Some chief executives have responded to the downward trend with a shrug. Does Bennahmias think this is a problem? “Yes,” he says. “A big one.” If there’s a positive, he says, it’s in the troubled waters that might lie ahead. “I’m kind of happy that the business is gonna get tougher,” he says. “Because when it gets tougher, people get smarter. When everything is fine, it’s easy, but when you have to grind, it’s a different story and you think of things differently.”

Those things, he goes on, have to include distribution and the business of actually selling watches. In his mind, AP’s direct-to-consumer boutique strategy, including the confidential “AP House” concept deployed in many locations, has had far more impact on the company’s growth than its high-profile partnerships or even the appeal of the watches themselves.

“At the time, you could buy a single track on iTunes for 99 cents,” he says, recalling the landscape of 2012. “And for that, you’d give Apple your address, phone number and credit card information. Just to buy one song. I thought we were out of our mind selling watches for hundreds of thousands of Swiss francs and not knowing who our clients were. The big thing I did was to shrink the number of people between the watchmaker’s bench and the client.”

That tactic meant reducing the number of points of sale – and the size of the collection. He slashed references from around 900 to 200, a figure he says has since climbed back up to 300 in recent collections because of adding more high-end, low-volume or even one-off pieces.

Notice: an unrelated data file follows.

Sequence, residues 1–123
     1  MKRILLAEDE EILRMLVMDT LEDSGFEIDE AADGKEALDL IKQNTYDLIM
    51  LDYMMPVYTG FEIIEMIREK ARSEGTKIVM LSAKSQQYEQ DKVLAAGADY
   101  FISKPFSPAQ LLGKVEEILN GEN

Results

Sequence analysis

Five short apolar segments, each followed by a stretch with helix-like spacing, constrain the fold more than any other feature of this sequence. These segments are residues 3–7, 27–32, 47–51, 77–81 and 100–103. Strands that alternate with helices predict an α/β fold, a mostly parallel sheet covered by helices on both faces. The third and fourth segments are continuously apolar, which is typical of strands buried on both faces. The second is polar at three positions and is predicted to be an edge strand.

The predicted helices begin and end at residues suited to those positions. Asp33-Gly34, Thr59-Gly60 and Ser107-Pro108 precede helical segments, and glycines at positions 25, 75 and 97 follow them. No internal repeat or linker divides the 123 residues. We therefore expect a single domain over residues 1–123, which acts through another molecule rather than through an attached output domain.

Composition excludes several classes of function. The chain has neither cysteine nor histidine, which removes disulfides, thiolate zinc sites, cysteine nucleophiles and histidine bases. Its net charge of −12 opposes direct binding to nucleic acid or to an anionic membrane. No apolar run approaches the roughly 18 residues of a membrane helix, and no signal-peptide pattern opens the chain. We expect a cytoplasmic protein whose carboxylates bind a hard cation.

If he makes these decisions sound simple, he says they weren’t. “There is no rule that because you do this it’s a success,” he says. “You never know what could happen. You’re always at risk.”

The Future of Code: 11.59

Indeed, there have been ups and downs for watchmaking’s disruptor-in-chief. In 2019, AP introduced Code 11.59, widely seen as a solution to the problem of being a “one-watch brand”, a criticism levelled at it because of the spectacular success of the Royal Oak, AP’s zeitgeisty 1970s sports watch and an industry icon.

But on the back of what many saw as a self-congratulatory launch, Code 11.59 was panned by critics and ridiculed on social media – and Bennahmias with it. The episode hit Bennahmias hard. How does he reflect on it? “Let’s put it this way,” he says. “I really do believe we’ve built something that’s going to last, now.” But did he always feel that way? “Not after the launch, but I never doubted that we would make it work. I always said it was a five-year launch. We won’t know if it’s successful for five years.”

And four years on, is it? “We are now making the biggest quantity for any collection outside the Royal Oak and it’s close to 13 percent of the business, which is substantial,” he says. “And I know we have some unbelievable innovations in the pipe, too.”